Wal-Mart’s online bet on its stores

By Tom Hudson

Miami Herald

When you’re the largest brick-and-mortar retailer in a world filled with more and more cyber-buyers, how do you defend your territory? By leveraging what could be your biggest liability — your stores.

In the week ahead, that’s how Wal-Mart will respond to its quick-growing competitor Amazon.

What had been a destructive price battle has turned into an all-out war for the hearts and wallets of consumers. The two retail behemoths represent the clash of shopping cultures — pursuing aisles versus surfing websites — and the business models built to support them.

Amazon’s approach involves stuffing inventory into strategically placed warehouses to avoid the cost of actual stores and using its volume to drive deals with shippers to get merchandise the last mile to consumers’ doors.

Wal-Mart, meanwhile, is saddled with the infrastructure of a different age of retailing — a network of thousands of stores, their miles of aisles and more than 100,000 products in each location.

Wal-Mart is discovering, though, that the network might actually be more of an asset than an issue.

Beginning this week, Wal-Mart will offer deep price discounts on 10,000 items shoppers are able to buy online and pick up in stores.

It’s using its size to undercut Amazon on price and hoping to use its well-spread stores as a means of reaching customers. Wal-Mart will expand the offering to 1 million items by June.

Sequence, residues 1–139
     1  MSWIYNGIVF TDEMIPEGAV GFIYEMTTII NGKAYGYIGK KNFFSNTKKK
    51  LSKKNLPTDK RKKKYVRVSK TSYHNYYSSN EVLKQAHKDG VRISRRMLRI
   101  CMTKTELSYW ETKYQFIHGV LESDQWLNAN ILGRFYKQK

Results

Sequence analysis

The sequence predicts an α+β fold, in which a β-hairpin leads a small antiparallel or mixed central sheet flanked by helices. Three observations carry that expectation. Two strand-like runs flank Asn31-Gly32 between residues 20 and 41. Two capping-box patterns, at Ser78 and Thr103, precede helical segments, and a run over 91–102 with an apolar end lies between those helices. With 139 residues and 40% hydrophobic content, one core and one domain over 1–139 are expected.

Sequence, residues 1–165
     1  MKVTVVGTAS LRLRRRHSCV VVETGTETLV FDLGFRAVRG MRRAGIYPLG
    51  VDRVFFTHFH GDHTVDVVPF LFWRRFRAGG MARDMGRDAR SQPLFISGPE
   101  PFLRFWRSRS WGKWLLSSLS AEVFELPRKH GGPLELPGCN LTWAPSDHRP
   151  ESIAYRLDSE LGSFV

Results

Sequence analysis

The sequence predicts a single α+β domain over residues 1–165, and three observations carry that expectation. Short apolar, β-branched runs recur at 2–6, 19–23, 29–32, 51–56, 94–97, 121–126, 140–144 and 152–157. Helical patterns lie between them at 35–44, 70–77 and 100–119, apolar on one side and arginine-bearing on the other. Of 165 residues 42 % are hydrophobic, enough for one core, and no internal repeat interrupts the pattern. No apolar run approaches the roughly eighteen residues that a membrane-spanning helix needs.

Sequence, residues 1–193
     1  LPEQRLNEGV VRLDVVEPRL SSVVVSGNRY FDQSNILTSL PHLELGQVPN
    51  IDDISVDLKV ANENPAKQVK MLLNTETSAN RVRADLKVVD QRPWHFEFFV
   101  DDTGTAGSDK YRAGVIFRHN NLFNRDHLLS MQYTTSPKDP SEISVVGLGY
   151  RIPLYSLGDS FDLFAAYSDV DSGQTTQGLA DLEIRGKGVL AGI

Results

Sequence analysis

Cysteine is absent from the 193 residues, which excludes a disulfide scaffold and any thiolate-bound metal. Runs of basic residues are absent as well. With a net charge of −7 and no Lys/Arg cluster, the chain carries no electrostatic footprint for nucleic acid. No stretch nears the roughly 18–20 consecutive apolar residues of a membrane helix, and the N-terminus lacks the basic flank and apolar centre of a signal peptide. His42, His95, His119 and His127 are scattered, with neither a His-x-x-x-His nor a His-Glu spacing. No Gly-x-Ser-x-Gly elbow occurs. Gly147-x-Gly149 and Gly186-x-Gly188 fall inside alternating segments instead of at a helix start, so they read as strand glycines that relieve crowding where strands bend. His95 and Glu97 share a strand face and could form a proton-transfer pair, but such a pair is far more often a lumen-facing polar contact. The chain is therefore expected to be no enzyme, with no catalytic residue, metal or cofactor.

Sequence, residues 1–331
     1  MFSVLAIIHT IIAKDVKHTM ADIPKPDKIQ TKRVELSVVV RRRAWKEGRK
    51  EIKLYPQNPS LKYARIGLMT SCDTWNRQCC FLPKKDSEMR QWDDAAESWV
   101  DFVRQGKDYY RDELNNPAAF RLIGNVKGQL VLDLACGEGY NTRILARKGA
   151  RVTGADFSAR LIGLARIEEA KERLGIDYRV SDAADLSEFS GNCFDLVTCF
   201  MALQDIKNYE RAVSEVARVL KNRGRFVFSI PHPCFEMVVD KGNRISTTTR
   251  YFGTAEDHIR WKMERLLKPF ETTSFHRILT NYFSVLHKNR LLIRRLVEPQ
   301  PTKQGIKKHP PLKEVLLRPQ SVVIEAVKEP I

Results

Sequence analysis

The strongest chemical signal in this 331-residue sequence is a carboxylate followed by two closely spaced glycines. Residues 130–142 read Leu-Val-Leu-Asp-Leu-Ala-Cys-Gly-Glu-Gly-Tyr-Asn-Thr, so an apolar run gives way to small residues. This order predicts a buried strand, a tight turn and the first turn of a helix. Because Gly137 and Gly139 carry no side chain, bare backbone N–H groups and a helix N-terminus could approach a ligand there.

If successful, who knows: Wal-Mart stores may eventually be equal parts warehouse and retail experience.

Whatever happens, Wal-Mart shareholders can only hope the moves result in an Amazon-like stock performance. Amazon shares have gained four times more value than Wal-Mart shares over the past year.

Wal-Mart still sells more than $1 billion worth of stuff per day. That’s about four times as much revenue as Amazon. But all of Amazon’s sales are online, while only $14 billion worth of Wal-Mart’s are.

But as more buying moves online, Wal-Mart has been searching for strategies to entice its price-sensitive buyers to think of it — not Amazon — as the place to find deals in cyberspace.

Financial journalist Tom Hudson hosts “The Sunshine Economy” on WLRN-FM in Miami, where he is the vice president of news. He is the former co-anchor and managing editor of “Nightly Business Report” on public television. Follow him on Twitter @HudsonsView.